Our innovation team studies and analyzes industry trends, exploring different ways of applying new technologies, such as VR and Generative AI, by conducting research and understanding possible pain points for clients and partners. They also ensure our tech stack is as comprehensive and innovative as possible!

Our team believes AI is a game-changer for digital health products. Our CEO, Alan Brande, shared his thoughts on this technology in a recent interview:

“Looking ahead, the future of healthcare is an exciting journey characterized by cutting-edge technologies that revolutionize our approach to medical treatments and patient care. Artificial Intelligence (AI) stands at the forefront of this transformation, with algorithms analyzing medical images precisely and accelerating diagnoses. I’m particularly confident about the impact of Generative AI, which has the potential to enhance workflows, engage patients, and create smoother experiences for all healthcare users, among other benefits. Generative AI is disrupting all industries, and Healthcare is not an exception.”

Best believe our CEO’s thoughts are reflected in our team, our projects, our partners and our solutions.

Light-it's Products and Projects Applying AI Tech in Healthcare

CompliantChatGPT: This platform allows you to use OpenAI GPT models in a HIPAA-compliant way. CompliantChatGPT identifies and replaces Protected Health Information (PHI) with tokens in the messages. Light-it’s clients are already leveraging the capabilities of AI while maintaining strict compliance with HIPAA regulations.

Screenshot of CompliantChatGPT's chatbot in blue, grey and white colors.
CompliantChatGPT's chatbot

Puppeteer: Puppeteer enables any healthcare company to construct AI agents with unparalleled human-like capabilities. Think of the possibilities of using this advanced platform to create, for example, an empathetic and patient therapy chatbot. The options are endless!

Graphic design of Puppeteer's features.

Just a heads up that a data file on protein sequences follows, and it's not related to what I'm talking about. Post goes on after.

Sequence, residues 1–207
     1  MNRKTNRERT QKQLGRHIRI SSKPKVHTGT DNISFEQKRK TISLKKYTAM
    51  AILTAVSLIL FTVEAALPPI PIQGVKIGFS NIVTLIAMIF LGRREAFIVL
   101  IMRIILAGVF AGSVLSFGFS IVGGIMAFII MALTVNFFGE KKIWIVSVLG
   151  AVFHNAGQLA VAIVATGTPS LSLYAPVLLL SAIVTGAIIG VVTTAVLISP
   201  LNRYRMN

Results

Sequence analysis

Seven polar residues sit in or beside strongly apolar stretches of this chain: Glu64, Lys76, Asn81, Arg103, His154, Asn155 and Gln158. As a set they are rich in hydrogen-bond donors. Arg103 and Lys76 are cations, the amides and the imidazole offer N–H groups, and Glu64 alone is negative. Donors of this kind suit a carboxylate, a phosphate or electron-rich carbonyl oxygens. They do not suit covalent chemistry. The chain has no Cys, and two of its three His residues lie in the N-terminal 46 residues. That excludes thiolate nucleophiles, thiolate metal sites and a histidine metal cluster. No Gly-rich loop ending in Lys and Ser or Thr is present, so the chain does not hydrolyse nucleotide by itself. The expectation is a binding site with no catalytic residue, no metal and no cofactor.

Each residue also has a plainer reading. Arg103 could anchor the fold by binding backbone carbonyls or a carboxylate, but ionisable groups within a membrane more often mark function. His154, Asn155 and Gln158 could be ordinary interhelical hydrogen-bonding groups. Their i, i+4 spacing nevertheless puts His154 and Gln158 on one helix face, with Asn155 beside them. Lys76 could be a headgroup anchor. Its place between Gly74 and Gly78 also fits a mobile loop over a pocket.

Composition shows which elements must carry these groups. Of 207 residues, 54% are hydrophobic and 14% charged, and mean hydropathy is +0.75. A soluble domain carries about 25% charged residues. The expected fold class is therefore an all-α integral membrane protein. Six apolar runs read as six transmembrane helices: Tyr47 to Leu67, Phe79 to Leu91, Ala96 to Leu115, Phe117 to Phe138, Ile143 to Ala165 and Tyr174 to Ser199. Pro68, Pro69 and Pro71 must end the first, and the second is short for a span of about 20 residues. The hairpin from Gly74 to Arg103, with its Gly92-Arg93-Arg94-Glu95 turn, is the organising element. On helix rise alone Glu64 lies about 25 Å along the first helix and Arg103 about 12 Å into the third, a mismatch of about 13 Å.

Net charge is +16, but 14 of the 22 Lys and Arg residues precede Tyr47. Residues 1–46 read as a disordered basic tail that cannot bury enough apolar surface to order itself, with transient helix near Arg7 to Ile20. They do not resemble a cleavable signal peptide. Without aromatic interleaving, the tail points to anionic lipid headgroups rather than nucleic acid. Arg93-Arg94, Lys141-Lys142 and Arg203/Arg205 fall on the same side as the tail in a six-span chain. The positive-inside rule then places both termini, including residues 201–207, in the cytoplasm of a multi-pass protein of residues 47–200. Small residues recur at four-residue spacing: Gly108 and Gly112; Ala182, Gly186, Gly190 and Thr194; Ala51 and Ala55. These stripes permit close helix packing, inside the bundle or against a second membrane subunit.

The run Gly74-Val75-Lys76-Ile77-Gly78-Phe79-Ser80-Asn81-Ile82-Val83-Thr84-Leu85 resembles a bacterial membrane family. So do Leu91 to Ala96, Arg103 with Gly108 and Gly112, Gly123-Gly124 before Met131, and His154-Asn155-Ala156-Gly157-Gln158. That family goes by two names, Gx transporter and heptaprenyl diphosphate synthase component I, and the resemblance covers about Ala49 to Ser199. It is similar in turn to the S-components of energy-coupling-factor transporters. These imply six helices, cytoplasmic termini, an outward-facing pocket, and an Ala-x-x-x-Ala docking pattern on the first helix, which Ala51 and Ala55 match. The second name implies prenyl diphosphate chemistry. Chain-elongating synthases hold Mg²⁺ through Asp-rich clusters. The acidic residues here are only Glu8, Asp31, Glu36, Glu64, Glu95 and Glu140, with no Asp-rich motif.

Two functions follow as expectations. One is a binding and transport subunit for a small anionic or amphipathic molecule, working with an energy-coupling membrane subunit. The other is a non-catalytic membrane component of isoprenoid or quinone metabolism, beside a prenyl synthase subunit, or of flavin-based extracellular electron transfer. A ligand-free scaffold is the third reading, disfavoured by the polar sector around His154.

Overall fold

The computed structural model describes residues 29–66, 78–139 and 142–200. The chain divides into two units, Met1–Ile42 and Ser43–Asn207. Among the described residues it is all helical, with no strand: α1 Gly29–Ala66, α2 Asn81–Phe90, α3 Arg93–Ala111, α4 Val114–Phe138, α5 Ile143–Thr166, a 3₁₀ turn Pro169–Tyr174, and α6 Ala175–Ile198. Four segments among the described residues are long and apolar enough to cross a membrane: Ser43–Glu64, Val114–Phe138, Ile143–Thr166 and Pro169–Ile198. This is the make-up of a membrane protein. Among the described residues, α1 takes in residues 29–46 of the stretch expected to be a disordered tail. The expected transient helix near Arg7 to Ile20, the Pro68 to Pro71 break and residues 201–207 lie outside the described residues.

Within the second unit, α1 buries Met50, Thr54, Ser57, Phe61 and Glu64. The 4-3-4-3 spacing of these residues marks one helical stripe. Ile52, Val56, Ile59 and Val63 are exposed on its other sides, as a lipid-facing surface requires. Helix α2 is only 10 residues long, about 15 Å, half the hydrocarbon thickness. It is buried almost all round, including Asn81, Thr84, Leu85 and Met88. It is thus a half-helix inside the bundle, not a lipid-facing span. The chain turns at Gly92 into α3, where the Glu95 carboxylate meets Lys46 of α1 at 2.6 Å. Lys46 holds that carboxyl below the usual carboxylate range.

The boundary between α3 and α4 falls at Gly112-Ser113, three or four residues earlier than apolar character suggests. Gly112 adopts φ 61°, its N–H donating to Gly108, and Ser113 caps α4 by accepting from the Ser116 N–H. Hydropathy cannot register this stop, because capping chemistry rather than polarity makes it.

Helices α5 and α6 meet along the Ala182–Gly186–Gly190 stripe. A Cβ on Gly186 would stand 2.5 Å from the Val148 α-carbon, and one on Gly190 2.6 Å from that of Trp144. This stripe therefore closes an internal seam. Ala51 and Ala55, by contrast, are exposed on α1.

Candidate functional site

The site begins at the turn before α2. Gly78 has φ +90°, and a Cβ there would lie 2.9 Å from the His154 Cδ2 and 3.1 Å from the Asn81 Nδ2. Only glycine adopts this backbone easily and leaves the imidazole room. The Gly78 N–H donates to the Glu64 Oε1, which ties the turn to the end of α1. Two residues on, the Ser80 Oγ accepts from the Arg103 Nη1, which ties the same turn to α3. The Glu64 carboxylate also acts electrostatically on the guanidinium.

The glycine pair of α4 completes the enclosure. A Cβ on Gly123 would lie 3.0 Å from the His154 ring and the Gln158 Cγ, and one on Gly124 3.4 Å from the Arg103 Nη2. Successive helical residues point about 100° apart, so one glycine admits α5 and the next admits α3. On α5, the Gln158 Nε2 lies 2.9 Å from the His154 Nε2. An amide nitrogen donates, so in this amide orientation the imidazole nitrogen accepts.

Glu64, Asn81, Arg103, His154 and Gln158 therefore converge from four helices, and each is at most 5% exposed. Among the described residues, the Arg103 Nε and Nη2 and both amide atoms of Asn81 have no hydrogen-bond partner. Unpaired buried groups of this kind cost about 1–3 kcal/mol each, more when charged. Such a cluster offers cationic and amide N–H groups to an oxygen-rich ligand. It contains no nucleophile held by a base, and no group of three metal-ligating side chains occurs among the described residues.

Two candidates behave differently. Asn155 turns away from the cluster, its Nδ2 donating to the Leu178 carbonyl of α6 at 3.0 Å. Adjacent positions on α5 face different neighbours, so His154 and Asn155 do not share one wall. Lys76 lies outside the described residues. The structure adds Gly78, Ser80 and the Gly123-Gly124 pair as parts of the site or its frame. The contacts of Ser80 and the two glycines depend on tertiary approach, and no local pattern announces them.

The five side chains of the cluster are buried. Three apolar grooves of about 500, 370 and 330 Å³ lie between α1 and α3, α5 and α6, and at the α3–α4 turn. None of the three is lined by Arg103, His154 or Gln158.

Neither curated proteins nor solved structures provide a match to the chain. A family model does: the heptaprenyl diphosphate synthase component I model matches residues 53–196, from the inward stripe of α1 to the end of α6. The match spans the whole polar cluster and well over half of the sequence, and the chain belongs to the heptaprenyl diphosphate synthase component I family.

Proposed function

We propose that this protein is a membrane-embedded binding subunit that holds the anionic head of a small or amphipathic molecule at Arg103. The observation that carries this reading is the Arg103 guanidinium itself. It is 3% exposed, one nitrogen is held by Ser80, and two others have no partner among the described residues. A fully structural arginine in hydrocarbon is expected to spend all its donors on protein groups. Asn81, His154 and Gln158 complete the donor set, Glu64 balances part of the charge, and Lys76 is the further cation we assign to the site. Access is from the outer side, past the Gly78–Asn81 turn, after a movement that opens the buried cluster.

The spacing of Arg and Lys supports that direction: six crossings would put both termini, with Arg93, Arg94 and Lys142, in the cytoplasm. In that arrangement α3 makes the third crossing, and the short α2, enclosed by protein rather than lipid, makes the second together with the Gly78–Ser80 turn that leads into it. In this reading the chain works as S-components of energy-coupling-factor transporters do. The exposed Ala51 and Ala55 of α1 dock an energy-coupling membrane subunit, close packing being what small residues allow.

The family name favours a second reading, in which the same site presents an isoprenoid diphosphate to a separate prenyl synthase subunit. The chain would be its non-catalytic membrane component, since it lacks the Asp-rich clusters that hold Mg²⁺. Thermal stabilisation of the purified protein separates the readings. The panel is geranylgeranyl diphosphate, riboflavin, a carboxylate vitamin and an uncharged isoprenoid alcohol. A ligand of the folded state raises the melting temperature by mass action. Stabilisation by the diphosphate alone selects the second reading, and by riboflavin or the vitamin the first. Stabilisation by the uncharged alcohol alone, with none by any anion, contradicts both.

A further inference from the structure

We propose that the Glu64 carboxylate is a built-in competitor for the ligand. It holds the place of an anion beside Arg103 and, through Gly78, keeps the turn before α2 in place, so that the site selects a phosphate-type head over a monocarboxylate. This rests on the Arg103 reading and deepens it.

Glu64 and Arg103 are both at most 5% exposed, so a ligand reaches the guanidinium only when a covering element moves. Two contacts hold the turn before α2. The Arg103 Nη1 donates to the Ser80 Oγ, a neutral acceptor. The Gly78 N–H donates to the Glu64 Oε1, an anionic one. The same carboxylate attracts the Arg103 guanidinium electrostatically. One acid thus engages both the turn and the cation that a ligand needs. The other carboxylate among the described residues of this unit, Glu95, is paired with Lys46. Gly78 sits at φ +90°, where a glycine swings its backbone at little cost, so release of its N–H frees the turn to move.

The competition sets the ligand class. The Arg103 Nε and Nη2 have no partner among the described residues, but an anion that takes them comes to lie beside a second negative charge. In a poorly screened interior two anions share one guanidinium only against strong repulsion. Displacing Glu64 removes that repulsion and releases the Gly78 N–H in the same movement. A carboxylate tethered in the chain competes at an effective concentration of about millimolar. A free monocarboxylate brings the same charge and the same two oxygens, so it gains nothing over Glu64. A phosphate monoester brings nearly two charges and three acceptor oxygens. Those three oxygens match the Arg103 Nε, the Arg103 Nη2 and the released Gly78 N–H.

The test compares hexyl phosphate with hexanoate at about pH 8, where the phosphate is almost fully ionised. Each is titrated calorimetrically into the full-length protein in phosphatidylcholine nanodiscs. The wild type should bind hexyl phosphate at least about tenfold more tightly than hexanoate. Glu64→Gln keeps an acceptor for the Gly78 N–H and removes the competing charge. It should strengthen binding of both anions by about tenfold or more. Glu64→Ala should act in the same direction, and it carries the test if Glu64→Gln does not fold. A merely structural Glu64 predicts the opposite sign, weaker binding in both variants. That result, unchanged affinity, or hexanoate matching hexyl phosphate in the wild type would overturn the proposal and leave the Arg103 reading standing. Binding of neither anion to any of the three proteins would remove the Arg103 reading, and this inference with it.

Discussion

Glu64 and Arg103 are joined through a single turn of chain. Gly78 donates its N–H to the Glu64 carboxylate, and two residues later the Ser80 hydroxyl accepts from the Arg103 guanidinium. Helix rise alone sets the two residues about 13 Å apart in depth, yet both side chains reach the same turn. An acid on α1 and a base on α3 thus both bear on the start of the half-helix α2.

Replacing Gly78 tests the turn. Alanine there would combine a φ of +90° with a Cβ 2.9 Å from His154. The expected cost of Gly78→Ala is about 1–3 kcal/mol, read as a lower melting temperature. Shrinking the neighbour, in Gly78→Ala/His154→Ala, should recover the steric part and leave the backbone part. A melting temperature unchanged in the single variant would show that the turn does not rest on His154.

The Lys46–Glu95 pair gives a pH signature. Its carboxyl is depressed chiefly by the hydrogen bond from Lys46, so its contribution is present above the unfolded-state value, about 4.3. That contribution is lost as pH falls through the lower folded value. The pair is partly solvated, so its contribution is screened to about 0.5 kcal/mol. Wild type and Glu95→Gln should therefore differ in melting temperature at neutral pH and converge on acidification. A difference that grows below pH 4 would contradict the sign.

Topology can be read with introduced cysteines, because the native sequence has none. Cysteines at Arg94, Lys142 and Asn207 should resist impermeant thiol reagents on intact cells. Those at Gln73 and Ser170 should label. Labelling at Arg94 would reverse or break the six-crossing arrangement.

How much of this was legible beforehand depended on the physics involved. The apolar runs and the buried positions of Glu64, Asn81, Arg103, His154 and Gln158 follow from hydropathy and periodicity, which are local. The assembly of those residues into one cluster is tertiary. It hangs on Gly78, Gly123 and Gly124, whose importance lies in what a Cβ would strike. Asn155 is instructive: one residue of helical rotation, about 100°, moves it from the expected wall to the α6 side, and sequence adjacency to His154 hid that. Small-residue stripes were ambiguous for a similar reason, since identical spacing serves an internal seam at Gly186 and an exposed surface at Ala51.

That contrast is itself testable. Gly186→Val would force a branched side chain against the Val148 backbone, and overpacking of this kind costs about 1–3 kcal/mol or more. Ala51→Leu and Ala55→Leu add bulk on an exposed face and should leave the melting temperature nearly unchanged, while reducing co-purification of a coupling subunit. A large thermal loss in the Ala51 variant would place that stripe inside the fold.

Source: Puppeteer

HIPAA Checker: This product allows digital health companies to easily check whether they should be HIPAA-compliant. HIPAA-compliance is a very tough task to achieve, and the path to getting certified may be hard because software security requirements are challenging. This HIPAA Checker chatbot works as a compliance audit service that provides instant guidelines to verify if projects should be compliant or not, and its knowledge is based on US law official documentation.

Screenshot of the HIPAA Checker chatbot
The HIPAA Checker Chatbot

Concluding Thoughts

AI is heading towards us. Fast. We need to decide whether to explore its many uses, challenges, and possible solutions; or to keep on working in a way that’s not efficient, precise, or swift. The answer seems obvious, doesn’t it?

HealthTech decision-makers should be exploring the potential of AI-powered software solutions to transform their operations to -at least- begin improving some of the barriers we mentioned earlier.

We know health systems have a lot on their plates, though, and we understand sometimes they can’t leverage the power of AI by themselves. Here’s where we can help! If you’re looking for a determined, creative, and tech-savvy team to aid you in these decisions, Light-it is your perfect partner. If you’d like to know more about our services, don’t hesitate to contact us. We’d be more than happy to connect!

Let’s build the future of healthcare together, one innovative solution at a time.